Small steps...Taiwan journey

Small steps...Taiwan journey


This is the story of our lives, especially concerning adopting 3 siblings from Taiwan.

Monday, April 2, 2012


We've arrived!

This feels like the biggest adventure of my life.  We left Salt Lake Monday afternoon March 26, had a 9 hour layover in San Francisco and visited with friends of Tom's from college.  They fed us a great dinner and showed off all the amazing things they can grow in such a temperate climate...a fig tree, pomengranate, etc.   It was a convincing "move here" discussion with the exception of the close to a million dollar price tag of homes.  Also explored the Oakland Temple grounds and saw a beautiful view of the city.

They dropped us back at the airport, direct flight left at 1 am Tuesday and arrived 14 hours later at 5 am on Wednesday in Taipei.  We took a taxi to one of the two addresses I had written down...but, oops, it was the wrong one.  We were taken to the LDS church in Jhong Li, a suburb outside of Taipei and we had intended to go to the English school we'll be volunteering at. 

 So, with little Chinese on our part, no English on their part, some pointing and guesturing, our benefactor at the English school met us at the church and took us to his school.  It's a casual looking space with loads of magazines and books, a little like a small cafe.  It’s actually called DaDa school, and they teach 7-12 year olds English after school from about 4 until 8 or so.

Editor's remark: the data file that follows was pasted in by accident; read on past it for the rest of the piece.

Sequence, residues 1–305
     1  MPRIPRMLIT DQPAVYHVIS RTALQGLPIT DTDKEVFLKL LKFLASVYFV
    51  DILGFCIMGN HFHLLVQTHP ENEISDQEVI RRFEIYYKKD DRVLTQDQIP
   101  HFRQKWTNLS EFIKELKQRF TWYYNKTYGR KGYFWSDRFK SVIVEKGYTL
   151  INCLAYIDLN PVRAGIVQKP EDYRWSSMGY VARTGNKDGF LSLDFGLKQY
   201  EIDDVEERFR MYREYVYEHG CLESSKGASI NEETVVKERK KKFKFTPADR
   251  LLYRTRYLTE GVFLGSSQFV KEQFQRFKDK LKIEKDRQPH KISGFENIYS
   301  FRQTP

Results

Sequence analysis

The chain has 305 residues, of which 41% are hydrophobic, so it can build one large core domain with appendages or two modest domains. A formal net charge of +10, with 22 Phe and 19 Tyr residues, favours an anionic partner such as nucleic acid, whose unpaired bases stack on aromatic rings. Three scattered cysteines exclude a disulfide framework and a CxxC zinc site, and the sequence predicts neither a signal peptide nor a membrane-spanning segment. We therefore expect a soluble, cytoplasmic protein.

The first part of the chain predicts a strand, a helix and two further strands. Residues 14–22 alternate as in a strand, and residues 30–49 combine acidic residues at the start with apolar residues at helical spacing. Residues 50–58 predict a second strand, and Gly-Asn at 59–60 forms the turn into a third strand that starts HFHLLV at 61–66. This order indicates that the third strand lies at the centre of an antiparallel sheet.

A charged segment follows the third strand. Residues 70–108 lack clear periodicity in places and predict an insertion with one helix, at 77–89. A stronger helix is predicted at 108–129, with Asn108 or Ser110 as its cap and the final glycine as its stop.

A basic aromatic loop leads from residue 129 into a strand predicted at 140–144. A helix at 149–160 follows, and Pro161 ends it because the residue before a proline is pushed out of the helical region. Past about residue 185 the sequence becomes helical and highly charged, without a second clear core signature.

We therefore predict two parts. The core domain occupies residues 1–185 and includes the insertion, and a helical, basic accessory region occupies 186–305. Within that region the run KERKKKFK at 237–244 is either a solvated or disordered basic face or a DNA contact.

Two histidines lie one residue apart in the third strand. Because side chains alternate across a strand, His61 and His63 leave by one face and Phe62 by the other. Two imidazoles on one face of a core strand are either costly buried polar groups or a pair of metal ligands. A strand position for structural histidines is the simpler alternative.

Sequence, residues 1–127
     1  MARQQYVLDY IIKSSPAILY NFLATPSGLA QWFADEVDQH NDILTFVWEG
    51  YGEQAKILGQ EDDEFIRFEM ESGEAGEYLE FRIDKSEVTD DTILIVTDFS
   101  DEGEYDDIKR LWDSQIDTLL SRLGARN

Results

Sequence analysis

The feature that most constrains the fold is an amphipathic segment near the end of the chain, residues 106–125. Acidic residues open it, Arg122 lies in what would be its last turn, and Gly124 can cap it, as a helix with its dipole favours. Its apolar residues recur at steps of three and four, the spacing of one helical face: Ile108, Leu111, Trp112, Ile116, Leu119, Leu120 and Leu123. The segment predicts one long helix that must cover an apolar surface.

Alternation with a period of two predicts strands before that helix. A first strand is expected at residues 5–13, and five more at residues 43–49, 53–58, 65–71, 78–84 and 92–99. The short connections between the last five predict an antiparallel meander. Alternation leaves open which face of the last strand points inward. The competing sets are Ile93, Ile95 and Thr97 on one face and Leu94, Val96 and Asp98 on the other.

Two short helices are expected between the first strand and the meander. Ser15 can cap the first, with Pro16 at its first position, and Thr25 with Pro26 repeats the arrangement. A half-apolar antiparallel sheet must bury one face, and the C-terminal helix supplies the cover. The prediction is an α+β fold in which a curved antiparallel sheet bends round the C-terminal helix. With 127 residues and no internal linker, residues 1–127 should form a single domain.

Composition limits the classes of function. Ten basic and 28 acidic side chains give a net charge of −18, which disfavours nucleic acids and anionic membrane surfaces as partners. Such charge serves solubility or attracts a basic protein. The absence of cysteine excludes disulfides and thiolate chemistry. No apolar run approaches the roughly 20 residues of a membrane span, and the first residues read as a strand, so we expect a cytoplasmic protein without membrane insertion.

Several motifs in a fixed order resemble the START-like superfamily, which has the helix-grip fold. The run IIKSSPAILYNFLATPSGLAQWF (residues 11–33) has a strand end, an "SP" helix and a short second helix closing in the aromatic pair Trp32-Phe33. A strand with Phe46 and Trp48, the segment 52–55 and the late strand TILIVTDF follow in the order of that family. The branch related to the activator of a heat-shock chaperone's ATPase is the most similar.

We are in an apartment that is 3 blocks from the school, right across from a park,
which is amazing because the city has an industrial feel, so we haven’t seen too much green space. 
We’ve been exploring a bit along with helping at the school also.  Ching asked me to teach a small class the day after we arrived, and I realized it’s been 15 years since I did this, although with church and kids, teaching is a constant thing.  I made a little game and linked it to the Iditarod; so far, the students have loved all things Alaska.  I brought Sam’s photo album of our AK experience—animals and snow and other such particulars and it’s at just the right level for elementary aged kids to enjoy.  Emma and Sam have jumped right in to learning Chinese and meeting 40 or so new kids, playing chess and soccer, braiding hair and listening to English recitations. 

Adoption update: We aren’t able to visit our own “to be” kids in the orphanage until after the judge’s first ruling, but we did get permission to skype the youngest who is in foster care.

No comments:

Post a Comment